My husband, who is not always aware of elegance on the table, commented on the appearance (“wow”), and the taste (“good”), and the portion (“just enough”).



Beets can be found at Flaim Farm, Formisano Farm, and Muth Organic Farm (the beets for this recipe were purchased at Muth Organic Farm.

Olive oil to make your favorite vinaigrette  can be found at Villa Barone.

Pesto and Feta Soft cheese, and plain Feta can be found at Hillacres Pride.IMG_8296

Refrigerator strawberry jam without pectin

..or what to do with too many strawberries…again!

In my defense…it has been a long and bitterly cold winter and the strawberries are so fresh and new (and not soggy!) and there are so many farmers selling them at the Collingswood Farmers’ Market (Buzby Farm, Fruitwood Farm, Muth Farm, Springdale Farm!!!!) and they smell wonderful when strolling through the market.  Resistance, for me, is futile.

My husband and I started eating strawberries when I returned home from the market.  We hadn’t had breakfast so I rinsed and sliced a quart and a pint box.  And we enjoyed them.  Me in my vanilla Greek yogurt sprinkled with cinnamon.  My husband plain in the bowl.  A big bowl.

We had more at lunch.  With ice cream this time.

And even more at dinner. Plain. (well, a little whipped cream..).

When I put all my other purchases away (cabbage, lettuce, cauliflower, asparagus, green onions, snap peas) I still had a counter full of strawberries in those innocent blue paper boxes.  I called my daughter and asked if she was missing some.  Had I taken a few of her quarts by mistake?  No.  They were all mine.  And after all we had eaten there were still four quarts of lovely, luscious strawberries left for me to clean and for husband and I to eat.

Enter refrigerated strawberry jam.  No canning required.  Simply cook down the berries until they are thickened, put the jam in jars, and refrigerate.  And my research tells me this jam will be good for two weeks in the fridge.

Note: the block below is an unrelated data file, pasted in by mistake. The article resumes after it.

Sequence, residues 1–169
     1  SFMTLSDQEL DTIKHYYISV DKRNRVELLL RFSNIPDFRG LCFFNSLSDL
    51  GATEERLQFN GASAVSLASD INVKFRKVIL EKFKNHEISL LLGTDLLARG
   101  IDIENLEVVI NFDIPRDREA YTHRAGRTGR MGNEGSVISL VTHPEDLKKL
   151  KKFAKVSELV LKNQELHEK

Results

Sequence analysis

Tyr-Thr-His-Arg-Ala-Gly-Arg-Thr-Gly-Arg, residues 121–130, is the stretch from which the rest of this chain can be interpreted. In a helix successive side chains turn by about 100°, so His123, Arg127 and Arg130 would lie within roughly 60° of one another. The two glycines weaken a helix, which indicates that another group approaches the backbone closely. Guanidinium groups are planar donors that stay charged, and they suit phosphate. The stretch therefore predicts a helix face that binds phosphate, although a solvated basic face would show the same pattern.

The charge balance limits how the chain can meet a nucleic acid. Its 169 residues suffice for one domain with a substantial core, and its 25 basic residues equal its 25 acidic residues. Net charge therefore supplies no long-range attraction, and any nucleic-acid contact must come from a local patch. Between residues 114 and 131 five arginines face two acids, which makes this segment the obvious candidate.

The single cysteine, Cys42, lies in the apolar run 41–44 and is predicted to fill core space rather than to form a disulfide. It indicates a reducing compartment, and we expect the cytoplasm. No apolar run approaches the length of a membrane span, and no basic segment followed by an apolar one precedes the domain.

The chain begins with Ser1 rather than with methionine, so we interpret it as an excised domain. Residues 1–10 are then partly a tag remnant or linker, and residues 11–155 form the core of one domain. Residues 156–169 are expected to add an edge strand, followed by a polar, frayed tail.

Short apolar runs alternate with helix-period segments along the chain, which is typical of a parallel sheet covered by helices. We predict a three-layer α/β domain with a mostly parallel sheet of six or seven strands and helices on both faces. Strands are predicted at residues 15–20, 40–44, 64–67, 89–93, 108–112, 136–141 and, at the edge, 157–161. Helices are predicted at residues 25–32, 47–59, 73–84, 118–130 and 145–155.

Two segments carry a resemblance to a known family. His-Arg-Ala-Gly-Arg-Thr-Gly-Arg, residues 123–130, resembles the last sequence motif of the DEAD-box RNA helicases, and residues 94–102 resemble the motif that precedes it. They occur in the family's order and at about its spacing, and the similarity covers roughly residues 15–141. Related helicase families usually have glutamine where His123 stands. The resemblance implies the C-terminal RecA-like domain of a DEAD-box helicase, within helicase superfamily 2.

8 cups of strawberries (rinsed, hulled, and mashed)
3 cups sugar
1/4 cup fresh lemon juice

1.  Rinse, hull, and mash your berries.  You can use a potato masher or an immersion blender…how chunky do you want your jam?
2.  Put the berries, sugar, and lemon juice into a large pot.  Stir until well combined.IMG_8208
3.  Bring the berries to a boil.  (I started on medium high…and stirred very frequently so the sugar wouldn’t burn).  This should take 10 to 15 minutes.

4. Boil the berries for about 15 minutes more.  Continue stirring to keep things from burning but not as frequently as when you started the jam mixture.

5.  While the jam is boiling, put a stainless steel spoon in the freezer.  When the jam mixture has reduced by 1/3 you can test for doneness by putting the cold spoon in the hot jam.  If the jam drips off the spoon in lots of individual drops, it is not ready.  If the jam drops off the spoon in big goops, it is almost ready.  If the jam comes off  the spoon in a sheet or doesn’t drop off at all, it’s ready.IMG_8217
6.  Take the pot off the heat.
7.  The jam will set more as it cools.